Summary:

Spotify is getting its systems in order to support a planned 100 million users in the future, job openings suggest.

But, as it prepares to…

Spotify's Daniel Ek And Martin Lorentzon
photo: Spotify

Spotify is getting its systems in order to support a planned 100 million users in the future, job openings suggest.

But, as it prepares to announce a “new direction” on Wednesday, how has the music service fared so far?

I researched disclosures since Spotify’s 2008 inception to present this four-year chart illustrating its growth to date…

One can clearly see how Spotify caught on like wildfire in 2009, prompting the company to introduce limitations like a UK invite-only system just to manage the server load.

Within the base of total users, premium subscription growth has been steady and less pronounced, but has doubled in the last year, to 2.5 million.

The company has not specified a U.S. subscriber count but, viewed here, the subscriber growth has mostly occurred on the trajectory Spotify was already ploughing.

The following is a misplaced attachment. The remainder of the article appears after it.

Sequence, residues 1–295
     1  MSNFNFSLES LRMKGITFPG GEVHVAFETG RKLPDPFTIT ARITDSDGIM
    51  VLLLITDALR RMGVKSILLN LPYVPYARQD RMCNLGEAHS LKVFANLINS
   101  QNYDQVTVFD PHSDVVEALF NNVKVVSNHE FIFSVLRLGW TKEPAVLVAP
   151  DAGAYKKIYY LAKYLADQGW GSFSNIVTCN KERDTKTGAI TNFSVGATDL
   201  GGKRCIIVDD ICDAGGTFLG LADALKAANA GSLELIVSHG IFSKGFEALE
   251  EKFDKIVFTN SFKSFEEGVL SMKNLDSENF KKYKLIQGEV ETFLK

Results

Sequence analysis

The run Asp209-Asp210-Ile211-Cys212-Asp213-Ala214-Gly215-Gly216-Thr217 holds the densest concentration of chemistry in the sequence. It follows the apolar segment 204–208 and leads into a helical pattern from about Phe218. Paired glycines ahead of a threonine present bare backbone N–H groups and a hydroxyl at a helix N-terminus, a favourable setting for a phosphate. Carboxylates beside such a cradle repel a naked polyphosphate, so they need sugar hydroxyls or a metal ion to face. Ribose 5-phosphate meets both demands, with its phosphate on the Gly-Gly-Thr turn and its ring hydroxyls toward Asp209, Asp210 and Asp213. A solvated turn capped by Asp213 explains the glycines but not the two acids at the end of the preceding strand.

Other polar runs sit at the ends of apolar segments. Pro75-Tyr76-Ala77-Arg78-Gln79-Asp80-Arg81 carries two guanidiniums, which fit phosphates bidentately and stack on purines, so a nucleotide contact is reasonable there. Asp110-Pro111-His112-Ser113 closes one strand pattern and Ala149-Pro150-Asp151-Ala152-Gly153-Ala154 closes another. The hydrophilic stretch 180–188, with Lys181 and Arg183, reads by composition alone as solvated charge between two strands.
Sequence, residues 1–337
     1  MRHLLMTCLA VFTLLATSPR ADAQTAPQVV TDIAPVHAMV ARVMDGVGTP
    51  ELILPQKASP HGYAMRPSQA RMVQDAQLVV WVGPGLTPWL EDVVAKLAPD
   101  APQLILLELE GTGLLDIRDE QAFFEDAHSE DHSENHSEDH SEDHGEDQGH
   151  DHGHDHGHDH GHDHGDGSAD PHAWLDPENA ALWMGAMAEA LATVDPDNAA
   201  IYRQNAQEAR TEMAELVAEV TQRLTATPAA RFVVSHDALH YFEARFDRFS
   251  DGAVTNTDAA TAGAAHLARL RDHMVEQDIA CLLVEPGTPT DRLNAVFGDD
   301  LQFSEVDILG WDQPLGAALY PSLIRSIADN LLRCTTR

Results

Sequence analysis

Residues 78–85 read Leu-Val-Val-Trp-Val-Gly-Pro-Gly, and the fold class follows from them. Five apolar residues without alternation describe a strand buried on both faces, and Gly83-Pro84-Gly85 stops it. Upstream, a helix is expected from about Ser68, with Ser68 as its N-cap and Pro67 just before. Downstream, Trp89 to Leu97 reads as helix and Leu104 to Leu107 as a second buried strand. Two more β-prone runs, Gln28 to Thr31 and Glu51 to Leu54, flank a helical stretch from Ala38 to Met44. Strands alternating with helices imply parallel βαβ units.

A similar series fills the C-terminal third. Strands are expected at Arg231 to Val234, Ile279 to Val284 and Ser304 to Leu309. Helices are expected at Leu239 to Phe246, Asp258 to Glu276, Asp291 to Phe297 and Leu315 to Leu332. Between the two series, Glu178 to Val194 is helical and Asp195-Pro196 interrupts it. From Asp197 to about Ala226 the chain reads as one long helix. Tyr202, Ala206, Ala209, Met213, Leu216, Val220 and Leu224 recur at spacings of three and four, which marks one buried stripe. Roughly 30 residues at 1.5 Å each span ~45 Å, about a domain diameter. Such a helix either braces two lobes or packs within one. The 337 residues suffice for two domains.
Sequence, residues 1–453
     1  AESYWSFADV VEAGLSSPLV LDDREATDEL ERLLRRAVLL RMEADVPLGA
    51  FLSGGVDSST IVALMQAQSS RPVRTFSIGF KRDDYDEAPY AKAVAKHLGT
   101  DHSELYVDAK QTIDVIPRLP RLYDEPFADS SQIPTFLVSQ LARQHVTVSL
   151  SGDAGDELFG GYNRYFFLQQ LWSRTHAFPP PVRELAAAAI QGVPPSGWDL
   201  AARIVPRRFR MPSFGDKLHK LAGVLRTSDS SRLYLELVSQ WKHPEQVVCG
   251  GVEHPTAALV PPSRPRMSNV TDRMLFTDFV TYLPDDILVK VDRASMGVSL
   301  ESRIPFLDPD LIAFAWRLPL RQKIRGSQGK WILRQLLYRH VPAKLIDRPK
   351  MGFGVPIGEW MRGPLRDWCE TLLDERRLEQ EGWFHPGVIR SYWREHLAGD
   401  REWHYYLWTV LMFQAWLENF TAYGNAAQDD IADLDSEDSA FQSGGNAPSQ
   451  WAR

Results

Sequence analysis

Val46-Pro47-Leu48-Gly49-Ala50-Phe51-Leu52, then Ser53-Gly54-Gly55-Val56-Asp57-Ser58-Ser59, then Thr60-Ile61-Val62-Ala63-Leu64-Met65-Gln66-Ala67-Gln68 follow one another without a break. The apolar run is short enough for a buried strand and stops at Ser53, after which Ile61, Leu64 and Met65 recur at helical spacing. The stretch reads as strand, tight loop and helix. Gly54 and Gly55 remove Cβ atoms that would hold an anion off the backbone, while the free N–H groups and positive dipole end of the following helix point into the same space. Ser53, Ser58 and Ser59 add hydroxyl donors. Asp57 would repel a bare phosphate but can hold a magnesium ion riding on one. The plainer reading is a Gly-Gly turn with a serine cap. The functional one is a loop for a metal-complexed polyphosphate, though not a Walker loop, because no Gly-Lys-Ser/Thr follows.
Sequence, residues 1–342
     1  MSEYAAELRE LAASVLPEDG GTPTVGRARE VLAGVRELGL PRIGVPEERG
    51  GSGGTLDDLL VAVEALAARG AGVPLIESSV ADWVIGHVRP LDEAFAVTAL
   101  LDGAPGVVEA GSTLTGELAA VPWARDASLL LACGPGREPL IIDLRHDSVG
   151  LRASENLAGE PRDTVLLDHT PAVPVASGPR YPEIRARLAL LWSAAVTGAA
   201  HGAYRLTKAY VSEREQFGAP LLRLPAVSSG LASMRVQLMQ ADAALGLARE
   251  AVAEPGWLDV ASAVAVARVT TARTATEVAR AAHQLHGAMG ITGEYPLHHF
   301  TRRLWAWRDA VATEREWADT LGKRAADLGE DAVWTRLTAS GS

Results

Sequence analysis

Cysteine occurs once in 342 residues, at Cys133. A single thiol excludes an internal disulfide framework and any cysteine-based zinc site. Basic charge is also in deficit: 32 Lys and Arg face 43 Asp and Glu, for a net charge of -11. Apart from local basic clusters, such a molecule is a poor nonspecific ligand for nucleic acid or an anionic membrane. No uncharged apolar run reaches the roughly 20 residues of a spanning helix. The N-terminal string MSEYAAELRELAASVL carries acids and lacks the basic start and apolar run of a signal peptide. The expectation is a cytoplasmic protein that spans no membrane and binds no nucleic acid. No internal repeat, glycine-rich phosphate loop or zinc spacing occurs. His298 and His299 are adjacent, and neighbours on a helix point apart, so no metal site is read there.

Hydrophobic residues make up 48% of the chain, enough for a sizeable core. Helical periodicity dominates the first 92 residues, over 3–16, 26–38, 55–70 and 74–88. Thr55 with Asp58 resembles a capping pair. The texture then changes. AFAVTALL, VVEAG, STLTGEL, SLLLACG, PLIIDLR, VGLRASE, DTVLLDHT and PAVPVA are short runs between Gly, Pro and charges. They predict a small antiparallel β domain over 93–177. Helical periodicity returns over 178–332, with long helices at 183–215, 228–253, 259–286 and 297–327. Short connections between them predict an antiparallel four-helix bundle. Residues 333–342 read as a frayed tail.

Spotify is not giving us an update on its total registered users base beyond the 10 million it gave a year ago. Particularly with a new audience coming through Facebook, this number has likely exploded to the point where it would make Spotify’s premium conversion rate look very small.

So, this spring, Spotify changed to expressing its subscriber count within a count of monthly active users – a more meaningful approach.

Having secured funding to go global, Spotify and its rivals are now racing each other in markets like East Asia, Australasia, central Europe and Latin America.

A rumoured expansion of Spotify’s API, allowing countless online services to leverage Spotify’s music to paying Spotify subscribers, could make Spotify the kind of broad platform capable of achieving the 100 million users it is targeting.

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